Intern meets Partner

Picture it. The year: 1995. The place: the lunchroom. A new summer intern sits eating his bag lunch in silence. I will save you the suspense and tell you it was me. It was May and I hadn’t met a lot of people yet. There were a lot of people on vacation, in fact, I recall that I started the the week that Gregg Scott (the partner I was ultimately to work for) had gone on his honeymoon. I had met only the people to whom I had been assigned to work that week – we were building a very detailed model with several people in the office. I had yet to meet any of the partners, other than maybe on my initial office tour, but that would have been very briefly.

Bob Patrick came out of his office at the bottom of the stairs that day and sat down at the table adjacent to me. He pulled out his sack lunch and revealed his bologna sandwich. I would see him pull out that exact same sandwich every single day at lunch, no exceptions.

Bob Patrick – note the sack lunch to his right in the picture.

I had no idea yet as to how the office worked. I knew Bob was a partner and I think I realized he wrote those very thick, typed books I had seen. But I really didn’t know anything else about him or any of the partners yet. After we ate in silence for a few moments, he acknowledged me sitting across from him and said, “So, you go to Penn State, huh?” I didn’t know if he knew me specifically from any of the other interns or not. There were four of us and we all went to Penn State, and I guess he knew that. I said that I did go to Penn State, and failing to think of anything else intelligent to say in reply I asked, “Where did you go to school?”

Bob in his office.

I didn’t!”, he replied gruffly. I about soiled myself. I certainly didn’t mean to insult anyone, least of all a partner. Here I had just started and I had ticked off someone whose name was on the letterhead. I had failed to consider that there were other means to becoming an architect, one of which took alternative methods of learning into account and did not require a college degree of any kind. Then he said, “I did it the old fashioned way, by working.” He went on to explain, in a somewhat less intimidating fashion, that he had experience in the Armed Forces in an engineering battalion along with the time he spent working in civilian life that counted toward the 13 years the registration board required for someone to take the exams.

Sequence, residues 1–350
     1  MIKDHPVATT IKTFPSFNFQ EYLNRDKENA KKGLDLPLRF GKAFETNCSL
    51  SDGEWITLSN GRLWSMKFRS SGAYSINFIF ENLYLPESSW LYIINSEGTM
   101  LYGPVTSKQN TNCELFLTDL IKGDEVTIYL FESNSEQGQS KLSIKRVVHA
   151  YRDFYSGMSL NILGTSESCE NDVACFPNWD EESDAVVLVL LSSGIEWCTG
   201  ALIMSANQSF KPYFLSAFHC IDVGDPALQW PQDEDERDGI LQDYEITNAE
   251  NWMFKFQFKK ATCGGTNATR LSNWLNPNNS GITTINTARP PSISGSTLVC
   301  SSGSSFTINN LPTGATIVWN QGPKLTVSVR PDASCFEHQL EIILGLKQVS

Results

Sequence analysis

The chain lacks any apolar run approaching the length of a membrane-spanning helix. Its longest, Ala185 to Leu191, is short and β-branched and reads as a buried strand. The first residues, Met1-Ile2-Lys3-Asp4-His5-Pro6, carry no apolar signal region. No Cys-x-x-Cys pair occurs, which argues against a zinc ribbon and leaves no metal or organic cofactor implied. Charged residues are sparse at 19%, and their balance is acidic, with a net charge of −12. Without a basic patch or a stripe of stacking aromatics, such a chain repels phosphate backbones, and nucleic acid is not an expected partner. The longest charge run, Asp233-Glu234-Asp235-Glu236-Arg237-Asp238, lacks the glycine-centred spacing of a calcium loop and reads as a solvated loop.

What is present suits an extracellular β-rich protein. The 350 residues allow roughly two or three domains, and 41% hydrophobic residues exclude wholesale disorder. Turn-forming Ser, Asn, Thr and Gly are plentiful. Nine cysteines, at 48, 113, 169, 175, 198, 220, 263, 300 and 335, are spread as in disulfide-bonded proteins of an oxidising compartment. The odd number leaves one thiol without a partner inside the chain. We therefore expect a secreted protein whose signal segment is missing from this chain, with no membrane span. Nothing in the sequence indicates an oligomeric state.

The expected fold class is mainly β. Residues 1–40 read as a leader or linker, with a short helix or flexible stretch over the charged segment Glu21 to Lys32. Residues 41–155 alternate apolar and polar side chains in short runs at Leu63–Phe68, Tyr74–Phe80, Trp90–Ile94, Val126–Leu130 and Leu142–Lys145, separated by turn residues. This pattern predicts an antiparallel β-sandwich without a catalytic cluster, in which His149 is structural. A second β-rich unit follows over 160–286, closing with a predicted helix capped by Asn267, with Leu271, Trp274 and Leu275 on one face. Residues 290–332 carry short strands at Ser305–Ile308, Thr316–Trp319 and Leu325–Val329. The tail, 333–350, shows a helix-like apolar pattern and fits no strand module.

Bob’s retirement party in 1996.  He would continue to work with us for several years.

That was my first experience with Bob or any other partner in the office for that matter. Bob retired about a year later but continued to work part time on a variety of projects for quite some time. I worked directly with him on several occasions, and eventually learned that I could talk to him as a colleague. From that first conversation we had in the lunchroom, he always seemed just a little bit scary to me. That fear may have a very small part in the esteem I had for Bob, but mostly it was just respect for the man and his work ethic. He was as consistent with his work as he was with his bologna sandwich.

Bob’s lunch.